8. Visual language I agree doesn’t extend to the KINECT thing, or the controllers.

  9. Overall massing looks like it will fall over. Could have easily been fixed with the same shape, but putting the power button higher up / lower (also would eliminate the strange intersection of the side creases meeting the circle).

In general, I think there are some good starting points, but feels half done, or done by committee. If this is the best they can do, I’m pretty disappointed for a huge company that has access to the best firms and designers in the world. Wii blows it away design-wise, IMHO, though perhaps a different market, I accept.

my design rating = 69/100


PS. I’m not a gamer, so maybe I don’t get it, but I think I do know good and bad design when I see it.

  1. It’s meant for both. This is inherited from the first 360. This really was just a hardware boost + makeover. I’m sure they did not intend to change any of its functionality with its form. That’s why so many things you brought up are the way they are (logo on the side, etc). When it’s standing up, the cables work fine. It’s designed to be used in both situations, although best upright. Most locations of features are left over from the previous box.

  2. That’s a result of function. Putting the cd tray right in the middle is simply not an efficient use of space. The flap at the bottom has USB ports for corded controllers.

  3. The location of the power button is also sort of a legacy thing. The asymmetry was in the original 360.

I agree with many of your points though, but it does function well.

I will expand on a couple of themes in here.

The first one being that I agree with RK…the XBox looks as though it was designed by committee. Unlike Apple, it seems to speak to me that Microsoft is still a company that design is run by Marketing. A mishmash of design themes that gives their overal product an overdone look. If I were a betting man, I would guess that several design firms contributed to the initial design language. The product got brought in house to flesh it out. Marketing and upper management wanted to play Mr. Potatohead by merging design elements from Design Firm A’s proposal and Design Firm B’s proposal. They then handed off the Mechanical Design to another team that was somewhat disconnected from the ID process that ends up making them the long pole in the tent. This ends up rushing the translation of surfacing from the ID phase into the production phase creating a design that is ALMOST there, but not fully resolved.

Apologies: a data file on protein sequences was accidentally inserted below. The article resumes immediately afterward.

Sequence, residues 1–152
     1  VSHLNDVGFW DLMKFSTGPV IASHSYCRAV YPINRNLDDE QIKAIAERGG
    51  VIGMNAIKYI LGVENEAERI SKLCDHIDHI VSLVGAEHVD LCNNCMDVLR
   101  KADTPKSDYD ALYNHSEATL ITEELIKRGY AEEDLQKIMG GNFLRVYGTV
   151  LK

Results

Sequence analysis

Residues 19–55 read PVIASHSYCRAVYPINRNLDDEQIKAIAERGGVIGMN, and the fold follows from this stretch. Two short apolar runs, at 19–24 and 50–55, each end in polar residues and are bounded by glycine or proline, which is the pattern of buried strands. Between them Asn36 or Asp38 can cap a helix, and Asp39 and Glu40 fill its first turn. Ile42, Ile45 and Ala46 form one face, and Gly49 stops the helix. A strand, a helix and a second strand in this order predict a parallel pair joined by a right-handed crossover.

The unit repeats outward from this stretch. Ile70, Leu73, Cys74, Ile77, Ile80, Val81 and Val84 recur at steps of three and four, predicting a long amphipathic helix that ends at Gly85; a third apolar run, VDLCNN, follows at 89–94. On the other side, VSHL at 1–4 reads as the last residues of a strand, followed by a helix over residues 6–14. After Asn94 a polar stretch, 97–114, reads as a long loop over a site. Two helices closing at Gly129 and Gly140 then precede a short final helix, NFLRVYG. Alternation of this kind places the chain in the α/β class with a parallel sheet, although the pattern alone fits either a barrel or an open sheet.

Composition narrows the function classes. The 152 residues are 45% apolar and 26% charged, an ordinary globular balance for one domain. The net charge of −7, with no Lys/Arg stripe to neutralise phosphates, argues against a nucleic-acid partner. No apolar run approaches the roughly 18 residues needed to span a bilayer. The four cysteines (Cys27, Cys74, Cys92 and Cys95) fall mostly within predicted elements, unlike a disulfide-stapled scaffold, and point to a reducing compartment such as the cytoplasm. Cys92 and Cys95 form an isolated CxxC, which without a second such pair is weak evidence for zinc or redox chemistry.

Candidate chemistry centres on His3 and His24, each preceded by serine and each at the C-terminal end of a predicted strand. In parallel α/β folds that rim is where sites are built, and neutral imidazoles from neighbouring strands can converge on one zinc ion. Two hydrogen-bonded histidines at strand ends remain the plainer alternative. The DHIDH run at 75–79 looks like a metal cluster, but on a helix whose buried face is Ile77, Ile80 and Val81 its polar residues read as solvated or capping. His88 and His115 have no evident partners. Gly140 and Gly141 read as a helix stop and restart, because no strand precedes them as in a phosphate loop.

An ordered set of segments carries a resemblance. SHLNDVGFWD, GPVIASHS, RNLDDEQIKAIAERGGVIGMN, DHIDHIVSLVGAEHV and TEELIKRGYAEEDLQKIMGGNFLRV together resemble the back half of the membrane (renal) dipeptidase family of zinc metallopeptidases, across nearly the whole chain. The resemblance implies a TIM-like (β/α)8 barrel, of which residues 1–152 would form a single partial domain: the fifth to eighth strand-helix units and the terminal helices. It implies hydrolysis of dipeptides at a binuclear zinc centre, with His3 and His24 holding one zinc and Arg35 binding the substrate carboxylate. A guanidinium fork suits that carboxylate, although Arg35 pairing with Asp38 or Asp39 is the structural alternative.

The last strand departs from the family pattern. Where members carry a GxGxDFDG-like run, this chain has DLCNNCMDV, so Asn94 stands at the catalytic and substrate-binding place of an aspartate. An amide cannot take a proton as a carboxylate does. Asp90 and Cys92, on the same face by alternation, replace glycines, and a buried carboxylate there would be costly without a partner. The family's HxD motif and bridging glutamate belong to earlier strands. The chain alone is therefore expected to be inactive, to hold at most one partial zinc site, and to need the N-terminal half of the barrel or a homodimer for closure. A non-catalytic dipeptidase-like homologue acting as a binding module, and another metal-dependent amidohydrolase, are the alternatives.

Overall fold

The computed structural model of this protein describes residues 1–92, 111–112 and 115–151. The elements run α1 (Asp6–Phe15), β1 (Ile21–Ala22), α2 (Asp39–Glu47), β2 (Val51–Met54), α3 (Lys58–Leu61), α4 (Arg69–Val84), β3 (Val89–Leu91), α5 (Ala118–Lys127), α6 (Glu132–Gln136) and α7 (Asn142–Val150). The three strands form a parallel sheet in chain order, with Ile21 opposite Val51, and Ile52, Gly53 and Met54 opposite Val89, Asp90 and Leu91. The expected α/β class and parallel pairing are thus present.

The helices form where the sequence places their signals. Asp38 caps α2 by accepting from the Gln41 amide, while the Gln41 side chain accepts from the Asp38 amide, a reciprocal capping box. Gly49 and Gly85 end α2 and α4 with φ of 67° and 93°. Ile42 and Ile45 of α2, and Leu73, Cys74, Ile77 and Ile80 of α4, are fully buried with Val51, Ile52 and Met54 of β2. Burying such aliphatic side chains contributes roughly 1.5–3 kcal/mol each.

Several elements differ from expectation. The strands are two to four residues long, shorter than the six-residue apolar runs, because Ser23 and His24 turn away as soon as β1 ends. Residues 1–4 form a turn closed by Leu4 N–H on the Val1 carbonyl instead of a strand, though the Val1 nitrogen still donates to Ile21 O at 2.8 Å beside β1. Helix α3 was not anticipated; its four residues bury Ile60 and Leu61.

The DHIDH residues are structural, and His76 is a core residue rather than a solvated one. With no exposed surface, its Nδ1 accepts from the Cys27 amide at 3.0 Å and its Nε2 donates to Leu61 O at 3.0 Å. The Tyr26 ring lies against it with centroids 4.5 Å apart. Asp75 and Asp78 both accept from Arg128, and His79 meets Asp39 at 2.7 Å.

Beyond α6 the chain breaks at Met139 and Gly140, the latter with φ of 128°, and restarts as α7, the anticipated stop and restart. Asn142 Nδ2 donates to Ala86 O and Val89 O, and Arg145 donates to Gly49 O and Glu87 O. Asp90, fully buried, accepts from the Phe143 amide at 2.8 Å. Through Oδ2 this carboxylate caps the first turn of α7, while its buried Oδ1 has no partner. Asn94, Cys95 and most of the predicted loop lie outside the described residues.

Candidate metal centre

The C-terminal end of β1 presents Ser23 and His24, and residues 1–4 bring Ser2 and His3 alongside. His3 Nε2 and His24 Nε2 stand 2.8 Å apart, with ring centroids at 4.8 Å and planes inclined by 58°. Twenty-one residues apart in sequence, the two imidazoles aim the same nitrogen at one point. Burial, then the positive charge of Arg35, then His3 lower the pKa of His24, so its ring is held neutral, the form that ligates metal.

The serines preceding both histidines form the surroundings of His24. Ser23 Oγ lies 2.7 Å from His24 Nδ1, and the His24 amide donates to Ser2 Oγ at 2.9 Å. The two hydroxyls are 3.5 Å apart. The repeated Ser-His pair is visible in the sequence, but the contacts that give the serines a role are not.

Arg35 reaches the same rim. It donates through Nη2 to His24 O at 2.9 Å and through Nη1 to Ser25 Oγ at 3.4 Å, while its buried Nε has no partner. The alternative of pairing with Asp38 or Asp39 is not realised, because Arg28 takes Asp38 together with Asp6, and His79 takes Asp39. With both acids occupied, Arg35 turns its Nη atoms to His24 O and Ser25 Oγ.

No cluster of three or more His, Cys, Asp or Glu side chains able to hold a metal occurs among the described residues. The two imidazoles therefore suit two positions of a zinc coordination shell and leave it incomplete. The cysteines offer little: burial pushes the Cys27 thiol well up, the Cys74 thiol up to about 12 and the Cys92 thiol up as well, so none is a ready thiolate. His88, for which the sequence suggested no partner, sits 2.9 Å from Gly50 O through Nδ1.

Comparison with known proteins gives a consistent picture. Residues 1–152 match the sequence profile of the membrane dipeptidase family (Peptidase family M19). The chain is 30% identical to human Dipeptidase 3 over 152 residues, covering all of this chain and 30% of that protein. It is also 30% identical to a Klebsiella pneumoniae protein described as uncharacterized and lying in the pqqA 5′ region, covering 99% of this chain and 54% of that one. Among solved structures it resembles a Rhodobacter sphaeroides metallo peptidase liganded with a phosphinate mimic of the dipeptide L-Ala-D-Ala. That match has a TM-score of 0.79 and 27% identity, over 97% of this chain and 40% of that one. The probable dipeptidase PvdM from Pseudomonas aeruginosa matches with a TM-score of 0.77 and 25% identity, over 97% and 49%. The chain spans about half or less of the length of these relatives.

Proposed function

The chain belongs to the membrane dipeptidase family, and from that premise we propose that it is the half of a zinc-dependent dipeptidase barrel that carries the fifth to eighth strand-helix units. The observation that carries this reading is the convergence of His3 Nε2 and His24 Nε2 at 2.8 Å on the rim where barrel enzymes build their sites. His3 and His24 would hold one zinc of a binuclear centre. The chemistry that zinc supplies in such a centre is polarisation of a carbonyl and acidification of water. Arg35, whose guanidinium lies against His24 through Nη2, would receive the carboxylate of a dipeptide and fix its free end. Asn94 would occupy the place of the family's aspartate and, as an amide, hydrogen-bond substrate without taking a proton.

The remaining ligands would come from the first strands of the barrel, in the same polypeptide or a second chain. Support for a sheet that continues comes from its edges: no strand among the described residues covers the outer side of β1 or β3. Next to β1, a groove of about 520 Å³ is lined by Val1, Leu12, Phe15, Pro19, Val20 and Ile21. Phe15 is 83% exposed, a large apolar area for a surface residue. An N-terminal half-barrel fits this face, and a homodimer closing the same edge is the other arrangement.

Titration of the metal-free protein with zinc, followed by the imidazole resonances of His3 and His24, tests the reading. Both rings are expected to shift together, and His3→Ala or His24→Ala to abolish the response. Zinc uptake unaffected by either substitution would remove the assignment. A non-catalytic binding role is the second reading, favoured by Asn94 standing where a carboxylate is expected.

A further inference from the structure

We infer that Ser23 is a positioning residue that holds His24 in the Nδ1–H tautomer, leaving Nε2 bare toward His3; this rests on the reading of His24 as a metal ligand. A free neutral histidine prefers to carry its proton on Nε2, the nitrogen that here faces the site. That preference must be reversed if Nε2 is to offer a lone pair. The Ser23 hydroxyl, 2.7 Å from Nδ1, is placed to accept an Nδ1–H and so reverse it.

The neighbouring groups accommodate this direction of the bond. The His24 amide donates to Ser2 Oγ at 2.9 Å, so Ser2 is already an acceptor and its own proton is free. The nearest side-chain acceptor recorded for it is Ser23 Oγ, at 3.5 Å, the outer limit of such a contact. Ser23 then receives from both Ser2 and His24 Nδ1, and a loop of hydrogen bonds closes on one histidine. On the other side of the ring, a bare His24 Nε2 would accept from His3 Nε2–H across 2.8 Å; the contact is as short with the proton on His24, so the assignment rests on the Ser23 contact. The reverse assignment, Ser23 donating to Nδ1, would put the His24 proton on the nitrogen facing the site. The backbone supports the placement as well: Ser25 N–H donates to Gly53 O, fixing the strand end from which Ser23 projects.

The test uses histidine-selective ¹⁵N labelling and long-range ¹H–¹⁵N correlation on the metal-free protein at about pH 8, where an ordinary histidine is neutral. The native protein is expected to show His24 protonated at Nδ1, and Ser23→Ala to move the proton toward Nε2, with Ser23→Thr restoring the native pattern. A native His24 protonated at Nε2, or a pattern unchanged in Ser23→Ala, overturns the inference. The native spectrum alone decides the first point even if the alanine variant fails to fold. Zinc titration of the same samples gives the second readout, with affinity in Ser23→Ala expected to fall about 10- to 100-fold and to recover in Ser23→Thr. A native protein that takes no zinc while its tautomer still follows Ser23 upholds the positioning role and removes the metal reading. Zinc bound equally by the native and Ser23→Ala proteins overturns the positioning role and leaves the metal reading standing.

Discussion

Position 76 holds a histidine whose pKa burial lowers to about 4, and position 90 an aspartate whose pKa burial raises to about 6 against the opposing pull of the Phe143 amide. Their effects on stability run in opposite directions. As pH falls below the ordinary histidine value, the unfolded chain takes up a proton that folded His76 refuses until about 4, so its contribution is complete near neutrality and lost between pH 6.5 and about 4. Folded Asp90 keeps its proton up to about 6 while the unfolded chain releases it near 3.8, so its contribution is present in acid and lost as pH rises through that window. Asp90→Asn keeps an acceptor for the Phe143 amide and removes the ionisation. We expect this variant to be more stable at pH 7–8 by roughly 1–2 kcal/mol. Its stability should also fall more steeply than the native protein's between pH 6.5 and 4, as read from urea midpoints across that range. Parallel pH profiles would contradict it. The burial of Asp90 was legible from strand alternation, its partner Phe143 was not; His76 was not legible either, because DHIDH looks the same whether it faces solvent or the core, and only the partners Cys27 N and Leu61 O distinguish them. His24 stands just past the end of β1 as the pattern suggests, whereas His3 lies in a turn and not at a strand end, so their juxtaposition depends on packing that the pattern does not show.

I have no idea, but especially looking at the console, the controller, and that long box with a camera or whatever it is in it don’t mesh as a product line. Which lends more credence to my Potatohead Theory.

As for Apple, they’re the opposite. They’re bordering on overdesigning everything. As has already been stated a few times in this thread…they’re starting to get boring. Staid. Everything is almost TOO perfect. I want to see them take a chance again. I want the next original iMac. Something that tells the world that Apple still knows how to Think Different.

Diego Rodrieguez’ recent post, “Our Brand Can’t Go There” speaks to this thought process (metacool: Our brand can't go there...). As much as I respect and want the Design power of their design team, I want to see them take some chances with the Apple Brand. They have with products as a whole, but not so much with the Apple Design language, which has been essentially consistent since the original iPod came out. What’s that, now, 10 years?

Apple is continuous yes, but also evolving and I think perfecting. Just in iPods alone, I have a first gen, third gen, first gen nano, 2nd gen nano, first IPhone, 3GS iPhone… not to mention all the imacs and Macbooks. Point is they are evolving in a way that is perfecting the design. To my mind, in the right way. Most other brands, MS, as an example, seem to start from scratch each time and have no cohesive design philosophy… that I think it the point of reckoning.

Mr. Potatoehead for sure. Design Fail.